By Rob White
The third time Yonatan Kefle tried to escape Eritrea, the then-14-year-old climbed a mountain at night, starting out when it was as dark as possible.
“If the moon comes out, the Eritrean (border guards) can see you, and they’re crazy and they’ll shoot you,” Kefle recalled.
On his first escape attempt at age 12, he wound up in prison. He was forced to turn back from his second try when a fellow escapee was shot. On his third attempt, he successfully made the harrowing eight-hour journey to an Ethiopian refugee camp.
Today, 20-year-old Kefle is a mechanical-engineering major and an emerging cross-country star at Metropolitan State University of Denver.
At last October’s Roadrunner Invitational – nearly four years since he immigrated to Denver – he finished third, second among Division II competitors, while leading MSU Denver to its first team meet championship in two years.
But no matter where his path takes him in higher education and sports, his family’s journey out of the Horn of Africa will always light the way.
More than two decades have passed since Eritrea and Ethiopia launched the African continent’s deadliest border war. The initial conflict between 1998 and 2000 left as many as 120,000 dead, according to reports compiled by nongovernmental organizations. A peace treaty was signed in December 2000, but the two sides remained hostile until September 2018, when a historic peace deal was signed by Ethiopian Prime Minister Abiy Ahmed and Eritrean President Isaias Afwerki.
Set in the Horn of Africa along a stretch of the Red Sea’s southwestern shore and bordered by Sudan, Djibouti and Ethiopia, Eritrea gained its independence from Ethiopia in 1993 after a decades-long war of independence. However, according to Human Rights Watch, it remains to this day a one-party state ruled by Afwerki with no legislature, no independent civil society organizations or media outlets and no independent judiciary. Freedom House calls Eritrea a “militarized authoritarian state” and consistently gives it the worst possible score in its seven-point grading system considering political rights and civil liberties. Human Rights Watch considers the Eritrean government’s human-rights record among the worst in the world. And the Committee to Protect Journalists calls Eritrea the world’s most censored country, worse even than North Korea.
In the years following the failed 2000 peace agreement, Afwerki maintained a war posture to justify indeterminate compulsory national army service, forced labor, the quashing of political dissent and a ban on the free press, causing nearly 500,000 Eritreans, including Kefle’s family, to flee for their lives.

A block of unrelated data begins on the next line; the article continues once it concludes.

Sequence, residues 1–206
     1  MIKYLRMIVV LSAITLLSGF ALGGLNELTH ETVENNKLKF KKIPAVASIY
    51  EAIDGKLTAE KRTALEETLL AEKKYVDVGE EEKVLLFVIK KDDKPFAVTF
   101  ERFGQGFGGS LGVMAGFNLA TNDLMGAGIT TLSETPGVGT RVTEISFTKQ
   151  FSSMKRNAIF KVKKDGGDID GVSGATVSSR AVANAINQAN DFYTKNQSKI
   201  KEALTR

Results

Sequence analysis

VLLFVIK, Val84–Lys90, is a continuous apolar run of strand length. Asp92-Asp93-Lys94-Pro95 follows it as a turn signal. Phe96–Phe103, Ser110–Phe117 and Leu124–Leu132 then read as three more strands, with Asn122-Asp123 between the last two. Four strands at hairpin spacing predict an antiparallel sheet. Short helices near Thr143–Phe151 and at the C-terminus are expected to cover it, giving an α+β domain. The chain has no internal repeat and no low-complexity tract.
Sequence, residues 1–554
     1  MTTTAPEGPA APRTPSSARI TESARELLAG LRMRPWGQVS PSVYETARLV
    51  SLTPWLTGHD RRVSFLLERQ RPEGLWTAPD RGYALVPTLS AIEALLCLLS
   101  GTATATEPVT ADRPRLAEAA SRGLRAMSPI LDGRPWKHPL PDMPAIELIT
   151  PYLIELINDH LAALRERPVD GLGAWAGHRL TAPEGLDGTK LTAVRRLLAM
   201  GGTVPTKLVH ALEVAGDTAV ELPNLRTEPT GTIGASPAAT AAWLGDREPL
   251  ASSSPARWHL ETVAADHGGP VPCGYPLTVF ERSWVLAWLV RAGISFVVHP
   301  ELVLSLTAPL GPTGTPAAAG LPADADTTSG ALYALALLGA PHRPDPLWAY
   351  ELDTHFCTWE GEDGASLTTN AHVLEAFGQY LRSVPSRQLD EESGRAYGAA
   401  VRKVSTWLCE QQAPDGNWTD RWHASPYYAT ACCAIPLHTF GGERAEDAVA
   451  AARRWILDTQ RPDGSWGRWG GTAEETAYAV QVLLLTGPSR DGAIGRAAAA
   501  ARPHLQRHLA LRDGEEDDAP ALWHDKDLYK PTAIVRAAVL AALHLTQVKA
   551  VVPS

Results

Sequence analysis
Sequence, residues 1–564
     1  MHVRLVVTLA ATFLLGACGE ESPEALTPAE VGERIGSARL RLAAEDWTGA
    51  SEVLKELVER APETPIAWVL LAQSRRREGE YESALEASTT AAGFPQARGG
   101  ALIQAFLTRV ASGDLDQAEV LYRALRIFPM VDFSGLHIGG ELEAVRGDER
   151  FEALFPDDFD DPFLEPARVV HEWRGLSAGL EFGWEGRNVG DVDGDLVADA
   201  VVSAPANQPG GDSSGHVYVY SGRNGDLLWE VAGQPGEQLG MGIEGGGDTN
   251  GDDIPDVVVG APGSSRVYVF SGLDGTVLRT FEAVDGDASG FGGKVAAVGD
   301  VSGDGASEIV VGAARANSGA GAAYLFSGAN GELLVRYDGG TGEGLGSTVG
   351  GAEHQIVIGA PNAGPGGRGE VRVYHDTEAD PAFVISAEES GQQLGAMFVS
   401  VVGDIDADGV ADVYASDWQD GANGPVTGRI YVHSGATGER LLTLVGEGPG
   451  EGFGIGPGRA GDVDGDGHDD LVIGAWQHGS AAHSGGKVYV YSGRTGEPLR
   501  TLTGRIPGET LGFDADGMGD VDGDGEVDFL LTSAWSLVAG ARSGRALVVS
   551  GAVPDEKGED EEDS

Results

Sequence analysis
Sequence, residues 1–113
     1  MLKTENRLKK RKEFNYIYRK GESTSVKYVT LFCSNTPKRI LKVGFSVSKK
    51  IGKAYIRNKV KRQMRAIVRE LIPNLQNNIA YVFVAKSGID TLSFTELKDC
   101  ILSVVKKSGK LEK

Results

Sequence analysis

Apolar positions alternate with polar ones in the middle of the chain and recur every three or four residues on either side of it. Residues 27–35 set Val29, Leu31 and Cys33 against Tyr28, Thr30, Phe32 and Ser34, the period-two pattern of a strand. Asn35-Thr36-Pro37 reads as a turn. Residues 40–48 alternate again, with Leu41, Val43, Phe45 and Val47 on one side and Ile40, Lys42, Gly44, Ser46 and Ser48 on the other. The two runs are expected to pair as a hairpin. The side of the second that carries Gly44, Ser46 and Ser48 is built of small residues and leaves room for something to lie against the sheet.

When Kefle was 10, his father, Fiseha, was faced with mandatory military service and fled to Ethiopia with hopes that his family would soon follow. It would take 4 years for his family – wife, Hadas; son, Yonatan; and three daughters, Yodit, Ksanet and Semhar – to escape Eritrea and 2 more for the entire clan to be reunited in Denver.
The good-natured Kefle is philosophical about his youth in the small Eritrean town of Segheneyti. Even as a child, he understood that “a smart person” could be arrested or killed for crossing Afwerki and his party, he said.
“It doesn’t really affect kids,” he recalled. “And when you’re young, you don’t know any better. That’s the way you see it from the beginning.
“But when I came out and got to Ethiopia and I saw the world, I was like, ‘Wow, what did I just leave?’”
Kefle first tried to escape with his entire family when he was 12 or 13, he recalled. They were all caught.
“My mom and my oldest sister had to pay money (to be released). I was 12 or 13, and I was in prison for two weeks.”
While adults in Eritrean prisons are often tortured, Kefle said he wasn’t harmed because he was still young.
On his second escape attempt, Kefle traveled with a group. As they approached the border, another would-be refugee told them a member of his group had just been shot ahead near the border; they all turned back.
His third attempt, which was made with his sister Yodit in 2013, was successful. The children feigned going to go to church, which allowed them to move from the city to a local village before nightfall, Kefle said. The move allowed them to avoid border guards who patrol cities.